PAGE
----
Retiring Representative John Shadegg (R-AZ) has been a frequent guest on Morning Joe, MSNBC’s morning news and talk show. The show’s namesake and principle host is former Republican Congressman Joe Scarborough. Mr. Shadegg has always been particularly candid on Morning Joe. I caught his November 30th appearance.
Congressman Shadegg extolled the virtues of the Bush tax cuts. He warned of dire consequences if taxes reverted to the rates of the 1990’s, even if only for people making over a million dollars per year. Actually, he was most concerned about those in the top tier.
How would we pay for continuing these cuts? These tax cuts were temporary because we couldn’t pay for them nine years ago. But reducing the tax rate was supposed to be such a powerful economic driver that the resultant job creation would have more than offset the short term loss of revenue. That hasn’t happened yet. But, according to Congressman Shadegg, continuing the Bush era tax cuts will ensure a reduction in unemployment.
Congressman Shadegg’s empathy was highly selective, especially when it came to the unemployed. He was very concerned about the tax cuts that could create jobs, but not terribly worried about those people who are actually unemployed. When it came to extending the unemployment benefits for the victims of the worst recession in seventy years, Mr. Shadegg suddenly became focused on every dollar coming to and leaving from Washington. He was positive that we couldn’t afford to continue benefits to the out of work. He implied that it was a waste of money. He opined that the unemployed wouldn’t stimulate the economy since they would just hoard the money.
Mike Barnicle: “Let’s get back to what you said about unemployment checks. People don’t spend that money?”
Representative Shadegg: “No, they will spend as little as they can because they’ll hold on to it as long as they can. In reality, they don’t create jobs.”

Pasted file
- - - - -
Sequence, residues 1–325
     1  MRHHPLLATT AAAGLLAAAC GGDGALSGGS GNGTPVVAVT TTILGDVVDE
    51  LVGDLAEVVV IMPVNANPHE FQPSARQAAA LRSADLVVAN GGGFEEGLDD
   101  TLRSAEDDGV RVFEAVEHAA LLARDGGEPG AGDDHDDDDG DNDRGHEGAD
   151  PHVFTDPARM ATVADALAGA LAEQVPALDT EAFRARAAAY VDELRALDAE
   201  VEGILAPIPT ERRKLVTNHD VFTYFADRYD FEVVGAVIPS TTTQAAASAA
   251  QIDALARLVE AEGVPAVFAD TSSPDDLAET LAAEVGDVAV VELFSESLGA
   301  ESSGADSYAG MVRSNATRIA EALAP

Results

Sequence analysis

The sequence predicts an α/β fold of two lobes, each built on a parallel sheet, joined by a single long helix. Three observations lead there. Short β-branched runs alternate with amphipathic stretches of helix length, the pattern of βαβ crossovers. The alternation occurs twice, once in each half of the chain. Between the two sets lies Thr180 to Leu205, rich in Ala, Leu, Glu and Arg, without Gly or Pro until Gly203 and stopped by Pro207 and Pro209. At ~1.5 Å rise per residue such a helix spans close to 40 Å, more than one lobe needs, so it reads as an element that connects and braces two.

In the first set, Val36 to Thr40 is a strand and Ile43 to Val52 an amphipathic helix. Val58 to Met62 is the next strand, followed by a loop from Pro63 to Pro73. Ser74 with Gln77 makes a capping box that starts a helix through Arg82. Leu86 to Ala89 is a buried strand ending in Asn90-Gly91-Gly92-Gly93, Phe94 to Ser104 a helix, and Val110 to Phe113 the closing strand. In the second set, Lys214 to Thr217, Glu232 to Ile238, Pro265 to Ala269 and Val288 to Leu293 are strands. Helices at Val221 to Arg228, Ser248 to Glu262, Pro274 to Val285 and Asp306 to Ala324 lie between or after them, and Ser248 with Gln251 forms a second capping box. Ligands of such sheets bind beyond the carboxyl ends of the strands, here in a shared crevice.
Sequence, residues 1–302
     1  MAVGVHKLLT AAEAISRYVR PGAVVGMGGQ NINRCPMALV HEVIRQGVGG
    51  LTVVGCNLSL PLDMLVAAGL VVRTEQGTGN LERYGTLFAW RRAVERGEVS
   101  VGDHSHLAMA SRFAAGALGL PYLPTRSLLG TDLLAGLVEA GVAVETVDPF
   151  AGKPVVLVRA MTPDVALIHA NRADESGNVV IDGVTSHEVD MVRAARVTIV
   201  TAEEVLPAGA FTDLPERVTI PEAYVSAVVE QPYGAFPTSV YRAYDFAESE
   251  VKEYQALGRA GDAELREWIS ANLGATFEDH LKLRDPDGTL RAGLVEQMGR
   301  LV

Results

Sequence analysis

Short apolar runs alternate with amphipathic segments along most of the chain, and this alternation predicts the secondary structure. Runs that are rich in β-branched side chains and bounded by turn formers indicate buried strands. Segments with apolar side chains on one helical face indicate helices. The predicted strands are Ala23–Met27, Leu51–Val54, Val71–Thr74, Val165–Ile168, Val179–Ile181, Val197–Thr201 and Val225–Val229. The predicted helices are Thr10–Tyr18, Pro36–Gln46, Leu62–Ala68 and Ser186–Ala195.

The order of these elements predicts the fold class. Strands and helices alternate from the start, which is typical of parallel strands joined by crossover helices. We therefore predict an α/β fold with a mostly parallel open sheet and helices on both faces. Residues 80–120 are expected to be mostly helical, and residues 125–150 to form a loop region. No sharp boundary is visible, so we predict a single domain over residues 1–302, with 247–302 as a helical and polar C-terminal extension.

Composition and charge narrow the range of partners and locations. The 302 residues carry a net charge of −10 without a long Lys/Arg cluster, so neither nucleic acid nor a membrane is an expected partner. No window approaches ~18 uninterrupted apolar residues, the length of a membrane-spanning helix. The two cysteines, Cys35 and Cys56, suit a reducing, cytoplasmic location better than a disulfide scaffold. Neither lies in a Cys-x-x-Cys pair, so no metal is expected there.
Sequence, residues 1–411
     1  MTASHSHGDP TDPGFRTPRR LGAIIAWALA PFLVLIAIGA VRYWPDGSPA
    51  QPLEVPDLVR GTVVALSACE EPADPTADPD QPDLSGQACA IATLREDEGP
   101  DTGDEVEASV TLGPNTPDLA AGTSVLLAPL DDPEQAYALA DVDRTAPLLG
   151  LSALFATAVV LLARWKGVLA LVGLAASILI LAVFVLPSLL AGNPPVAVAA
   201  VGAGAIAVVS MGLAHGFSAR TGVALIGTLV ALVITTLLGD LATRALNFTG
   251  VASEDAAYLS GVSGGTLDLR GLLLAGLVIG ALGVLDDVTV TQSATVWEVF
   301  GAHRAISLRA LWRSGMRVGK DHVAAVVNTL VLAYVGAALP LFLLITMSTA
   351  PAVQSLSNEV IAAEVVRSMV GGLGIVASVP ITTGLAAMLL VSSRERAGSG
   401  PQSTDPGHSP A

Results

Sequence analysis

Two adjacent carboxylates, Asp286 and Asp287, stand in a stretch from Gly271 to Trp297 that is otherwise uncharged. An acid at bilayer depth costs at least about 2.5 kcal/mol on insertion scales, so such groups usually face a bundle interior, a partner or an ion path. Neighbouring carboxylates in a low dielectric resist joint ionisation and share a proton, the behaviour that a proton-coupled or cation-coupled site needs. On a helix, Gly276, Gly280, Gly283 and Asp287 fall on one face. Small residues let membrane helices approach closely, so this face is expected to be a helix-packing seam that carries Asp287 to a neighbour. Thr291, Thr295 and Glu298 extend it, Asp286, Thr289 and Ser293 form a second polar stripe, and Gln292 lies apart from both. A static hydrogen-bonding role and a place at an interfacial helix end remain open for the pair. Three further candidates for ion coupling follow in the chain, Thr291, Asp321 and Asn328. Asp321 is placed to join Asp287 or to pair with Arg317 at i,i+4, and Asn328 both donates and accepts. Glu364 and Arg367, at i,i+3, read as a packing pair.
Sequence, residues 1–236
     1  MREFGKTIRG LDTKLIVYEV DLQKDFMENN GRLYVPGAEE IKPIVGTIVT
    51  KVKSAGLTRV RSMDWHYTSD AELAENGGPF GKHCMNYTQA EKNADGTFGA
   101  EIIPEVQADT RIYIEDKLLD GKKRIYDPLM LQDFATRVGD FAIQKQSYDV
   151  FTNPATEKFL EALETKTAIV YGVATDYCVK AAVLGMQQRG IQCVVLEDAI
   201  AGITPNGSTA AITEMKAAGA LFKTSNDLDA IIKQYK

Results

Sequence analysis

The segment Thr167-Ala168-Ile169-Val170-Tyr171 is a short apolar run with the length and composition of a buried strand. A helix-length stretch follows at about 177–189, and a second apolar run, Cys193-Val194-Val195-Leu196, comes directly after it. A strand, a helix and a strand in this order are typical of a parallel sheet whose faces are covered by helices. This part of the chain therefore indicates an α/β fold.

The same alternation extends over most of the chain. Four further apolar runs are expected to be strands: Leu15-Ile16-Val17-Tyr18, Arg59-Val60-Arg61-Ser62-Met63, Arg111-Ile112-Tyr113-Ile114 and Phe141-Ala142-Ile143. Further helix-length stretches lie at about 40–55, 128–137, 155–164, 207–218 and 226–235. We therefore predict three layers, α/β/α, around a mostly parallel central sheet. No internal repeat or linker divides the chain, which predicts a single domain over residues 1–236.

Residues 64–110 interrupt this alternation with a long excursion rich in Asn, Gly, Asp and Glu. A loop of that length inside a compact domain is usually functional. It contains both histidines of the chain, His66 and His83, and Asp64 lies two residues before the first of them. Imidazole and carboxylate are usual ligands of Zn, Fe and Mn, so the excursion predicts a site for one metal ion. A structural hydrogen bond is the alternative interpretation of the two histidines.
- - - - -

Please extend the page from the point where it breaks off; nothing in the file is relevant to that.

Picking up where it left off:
Yes, this is Health Insurance Issues With Dave and yes, the above has everything to do with the delivery of health care in this country. Watching Representative Shadegg the other day reminded me of why I have always been concerned about single payer, government run health care.
If nothing else, the last ten years have shown us that you may have to be thirty years old to serve in the U. S. Senate, but you don’t have to be an adult. Ten years ago, at the end of a major financial growth spurt, instead of saving money for the upcoming lean period (think Joseph’s interpretation of Pharaoh’s dream), we cut taxes. When we were attacked and went to war, our youth were asked to sacrifice twice, first in blood and secondly by being saddled with incredible debt. We then invaded Iraq, but still didn’t ask the American public for any sacrifice.
Somewhere along the way we screwed up the housing market, forgot the real purpose of banks, and sold our financial soul to China. And now we have well over 10% of our workforce unemployed and we are debating whether their food and shelter are national priorities.
Ten years from now. Twenty years from now. At some point when we have all been herded into a government run health care system, will your surgery be a future Congressman Shadegg’s priority? Will this government program, unlike all other government programs, be properly funded?
You don’t have to like Medical Mutual, Anthem, or UnitedHealth Care. You may even be really ticked at the annual rate increases. But, your policy will perform as per your contract and the insurer will always have the money to pay your claim.
Keith Olbermann has been highlighting the current mess in Arizona. Governor Jan Brewer has eliminated coverage for transplants from the State’s Medicaid program. Arizona can’t afford transplants. The eighty-some people who were waiting for lungs, kidneys or livers aren’t her priority.
The President and Congress have a lot of issues to tackle in the next few weeks during the lame duck session. Tax Cuts. Unemployment Benefits. Estate Taxes. Don’t Ask, Don’t Tell. A war or two. And, Harry Reid wants to talk about gambling. They all have their own agendas. Compromises will be made. Some bills will be signed.
And somewhere in Arizona there is a young woman with Cystic Fibrosis waiting for a lung…